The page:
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The Importance of Student Journalism

by Megan Waardenburg

Back when we regularly printed student news, nearly everyone read it. Maybe it was just because it was accessible, or people liked the crossword puzzles and comic strips. The community became involved and put local advertisements in the paper, and people could be found reading their newspapers every morning. The newspaper was popular a few years ago, but why did this have to change just because we’ve digitized?
The shift to online student publications has lowered the number of readers, though it should have done just the opposite. Releasing the paper online creates endless opportunities for content and media components. Because school news sites, students can write articles and release them closer to the time of an event. There can be more content more often, and it can be more relatable. We no longer have to wait until the next paper comes out to read about a football game or band concert that happened the other day, editors don’t have to limit the length of articles to fit on one page, and photographers don’t need to publish quality photos printed in low quality. The news online can include a wide variety of photos, videos, and recent updates.
Even though some of us don’t get our papers delivered in school anymore, the articles we write are no less important. If anything, they are more important. The shift from print journalism to digital journalism is a milestone in the actual industry, and students learning how to work with this have a major advantage over other students. Student journalists can grow to be better writers, stronger members of the community, and braver journalists. Within our own magazine, we’re finding that the digital format allows us to publish more students work, try out new types of articles, and gain more readers quickly.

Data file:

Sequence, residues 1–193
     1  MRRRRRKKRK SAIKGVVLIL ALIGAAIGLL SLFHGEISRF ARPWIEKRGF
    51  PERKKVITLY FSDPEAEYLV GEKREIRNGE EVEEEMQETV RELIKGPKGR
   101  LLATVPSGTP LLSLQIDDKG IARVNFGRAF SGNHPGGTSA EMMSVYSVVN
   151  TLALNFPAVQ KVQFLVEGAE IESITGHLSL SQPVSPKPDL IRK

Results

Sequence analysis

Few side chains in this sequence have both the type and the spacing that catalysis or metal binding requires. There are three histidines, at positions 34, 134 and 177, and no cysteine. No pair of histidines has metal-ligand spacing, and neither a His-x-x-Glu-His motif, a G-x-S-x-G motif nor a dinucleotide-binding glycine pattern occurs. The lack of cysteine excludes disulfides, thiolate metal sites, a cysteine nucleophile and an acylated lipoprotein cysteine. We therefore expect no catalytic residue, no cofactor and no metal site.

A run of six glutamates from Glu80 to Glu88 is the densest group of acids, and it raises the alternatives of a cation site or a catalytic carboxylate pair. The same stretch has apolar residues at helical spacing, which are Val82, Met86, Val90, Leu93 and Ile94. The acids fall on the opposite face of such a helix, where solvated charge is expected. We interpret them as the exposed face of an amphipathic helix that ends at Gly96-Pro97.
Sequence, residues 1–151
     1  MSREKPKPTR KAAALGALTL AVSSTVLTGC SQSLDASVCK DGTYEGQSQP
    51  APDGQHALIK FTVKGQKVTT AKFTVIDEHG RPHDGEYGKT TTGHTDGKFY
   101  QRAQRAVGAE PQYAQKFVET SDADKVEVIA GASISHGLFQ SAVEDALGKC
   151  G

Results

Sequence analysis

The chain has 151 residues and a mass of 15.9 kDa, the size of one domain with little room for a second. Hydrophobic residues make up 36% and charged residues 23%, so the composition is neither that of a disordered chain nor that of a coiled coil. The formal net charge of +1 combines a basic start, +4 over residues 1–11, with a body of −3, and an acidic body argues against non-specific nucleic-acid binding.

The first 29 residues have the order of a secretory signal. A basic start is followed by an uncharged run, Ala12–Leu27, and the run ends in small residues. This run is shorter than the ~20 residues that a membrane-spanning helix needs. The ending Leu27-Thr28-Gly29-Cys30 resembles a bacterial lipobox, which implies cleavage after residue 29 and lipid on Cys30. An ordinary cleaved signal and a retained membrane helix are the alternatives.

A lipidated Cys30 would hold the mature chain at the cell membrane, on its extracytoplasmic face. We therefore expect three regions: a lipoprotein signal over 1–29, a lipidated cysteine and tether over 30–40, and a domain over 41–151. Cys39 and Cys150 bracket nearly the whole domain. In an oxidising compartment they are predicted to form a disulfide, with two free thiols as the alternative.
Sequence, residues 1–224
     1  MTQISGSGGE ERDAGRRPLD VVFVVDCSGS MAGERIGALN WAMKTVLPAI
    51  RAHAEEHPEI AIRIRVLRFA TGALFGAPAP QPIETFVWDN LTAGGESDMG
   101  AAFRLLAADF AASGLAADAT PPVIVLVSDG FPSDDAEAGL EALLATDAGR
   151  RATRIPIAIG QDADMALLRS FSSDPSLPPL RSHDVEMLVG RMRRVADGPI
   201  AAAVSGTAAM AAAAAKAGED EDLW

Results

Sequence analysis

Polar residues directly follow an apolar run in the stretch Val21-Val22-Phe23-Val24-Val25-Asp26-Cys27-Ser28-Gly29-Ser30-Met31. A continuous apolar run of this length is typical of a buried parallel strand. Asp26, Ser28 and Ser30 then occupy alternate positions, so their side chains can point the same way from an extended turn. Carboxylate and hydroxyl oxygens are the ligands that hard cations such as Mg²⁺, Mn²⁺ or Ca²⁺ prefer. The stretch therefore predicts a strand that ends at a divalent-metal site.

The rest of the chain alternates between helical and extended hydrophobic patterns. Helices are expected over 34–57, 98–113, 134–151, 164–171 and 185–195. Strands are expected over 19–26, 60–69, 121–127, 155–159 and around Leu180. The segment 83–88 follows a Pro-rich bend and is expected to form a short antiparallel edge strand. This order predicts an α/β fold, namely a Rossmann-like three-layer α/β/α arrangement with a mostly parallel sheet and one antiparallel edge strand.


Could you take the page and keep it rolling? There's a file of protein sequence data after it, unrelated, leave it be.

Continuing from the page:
It is absolutely imperative that students in the area support students finding their voice in society through writing, artwork, and journalism. The students published in student publications today will be the names you see in your papers in the future. They will be the expositors of the greatest scandals, messengers of the greatest news, and leaders in entertainment. They will be the faces you see as news anchors delivering updates about your community, your world, and your daily life. Student journalists show us what the future of news will look like. So read your student newspaper, literary magazine, and local publications, provide feedback and encourage students. Your peers aspiring to work in journalism in the future will reshape the media that we call corrupt and misleading, and their experiences in writing early on can help them figure out how to get readers without lying or twisting the truth.
Help your friends and peers write. Maybe give them a quote to write in their article. Comment on their article online or in person. Interact with them on social media. Answer their polls. Do whatever you can do give our journalists a way to move up. You won’t regret your devotion to the newspaper when you read your classmate’s writing in the New York Times one day.

Image by Megan Waardenburg

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